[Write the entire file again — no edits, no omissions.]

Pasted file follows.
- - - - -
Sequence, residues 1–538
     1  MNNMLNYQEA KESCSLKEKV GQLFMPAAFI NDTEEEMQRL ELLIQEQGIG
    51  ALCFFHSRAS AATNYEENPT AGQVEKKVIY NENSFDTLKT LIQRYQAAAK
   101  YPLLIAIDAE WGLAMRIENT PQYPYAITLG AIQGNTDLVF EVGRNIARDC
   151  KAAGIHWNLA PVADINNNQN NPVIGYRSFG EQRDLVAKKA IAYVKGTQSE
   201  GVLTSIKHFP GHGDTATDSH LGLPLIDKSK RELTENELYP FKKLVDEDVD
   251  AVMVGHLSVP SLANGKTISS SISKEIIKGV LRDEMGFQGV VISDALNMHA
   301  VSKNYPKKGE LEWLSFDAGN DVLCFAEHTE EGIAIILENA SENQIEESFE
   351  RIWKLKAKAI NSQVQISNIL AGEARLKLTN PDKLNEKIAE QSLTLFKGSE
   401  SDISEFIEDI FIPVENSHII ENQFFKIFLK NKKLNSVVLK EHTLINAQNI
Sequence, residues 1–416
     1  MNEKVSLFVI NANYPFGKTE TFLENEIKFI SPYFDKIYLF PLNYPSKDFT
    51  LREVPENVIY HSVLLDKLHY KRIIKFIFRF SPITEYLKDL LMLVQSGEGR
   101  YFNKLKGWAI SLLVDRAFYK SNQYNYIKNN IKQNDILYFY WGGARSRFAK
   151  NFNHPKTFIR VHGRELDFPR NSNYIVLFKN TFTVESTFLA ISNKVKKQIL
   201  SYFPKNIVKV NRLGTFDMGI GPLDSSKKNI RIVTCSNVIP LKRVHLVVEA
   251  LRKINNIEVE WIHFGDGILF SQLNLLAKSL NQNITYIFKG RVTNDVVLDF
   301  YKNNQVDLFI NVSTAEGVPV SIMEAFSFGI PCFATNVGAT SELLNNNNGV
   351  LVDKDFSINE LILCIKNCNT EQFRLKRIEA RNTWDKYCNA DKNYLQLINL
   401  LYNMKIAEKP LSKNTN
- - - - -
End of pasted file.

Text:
Sequence, residues 1–538
     1  MNNMLNYQEA KESCSLKEKV GQLFMPAAFI NDTEEEMQRL ELLIQEQGIG
    51  ALCFFHSRAS AATNYEENPT AGQVEKKVIY NENSFDTLKT LIQRYQAAAK
   101  YPLLIAIDAE WGLAMRIENT PQYPYAITLG AIQGNTDLVF EVGRNIARDC
   151  KAAGIHWNLA PVADINNNQN NPVIGYRSFG EQRDLVAKKA IAYVKGTQSE
   201  GVLTSIKHFP GHGDTATDSH LGLPLIDKSK RELTENELYP FKKLVDEDVD
   251  AVMVGHLSVP SLANGKTISS SISKEIIKGV LRDEMGFQGV VISDALNMHA
   301  VSKNYPKKGE LEWLSFDAGN DVLCFAEHTE EGIAIILENA SENQIEESFE
   351  RIWKLKAKAI NSQVQISNIL AGEARLKLTN PDKLNEKIAE QSLTLFKGSE
   401  SDISEFIEDI FIPVENSHII ENQFFKIFLK NKKLNSVVLK EHTLINAQNI
Sequence, residues 1–416
     1  MNEKVSLFVI NANYPFGKTE TFLENEIKFI SPYFDKIYLF PLNYPSKDFT
    51  LREVPENVIY HSVLLDKLHY KRIIKFIFRF SPITEYLKDL LMLVQSGEGR
   101  YFNKLKGWAI SLLVDRAFYK SNQYNYIKNN IKQNDILYFY WGGARSRFAK
   151  NFNHPKTFIR VHGRELDFPR NSNYIVLFKN TFTVESTFLA ISNKVKKQIL
   201  SYFPKNIVKV NRLGTFDMGI GPLDSSKKNI RIVTCSNVIP LKRVHLVVEA
   251  LRKINNIEVE WIHFGDGILF SQLNLLAKSL NQNITYIFKG RVTNDVVLDF
   301  YKNNQVDLFI NVSTAEGVPV SIMEAFSFGI PCFATNVGAT SELLNNNNGV
   351  LVDKDFSINE LILCIKNCNT EQFRLKRIEA RNTWDKYCNA DKNYLQLINL
   401  LYNMKIAEKP LSKNTN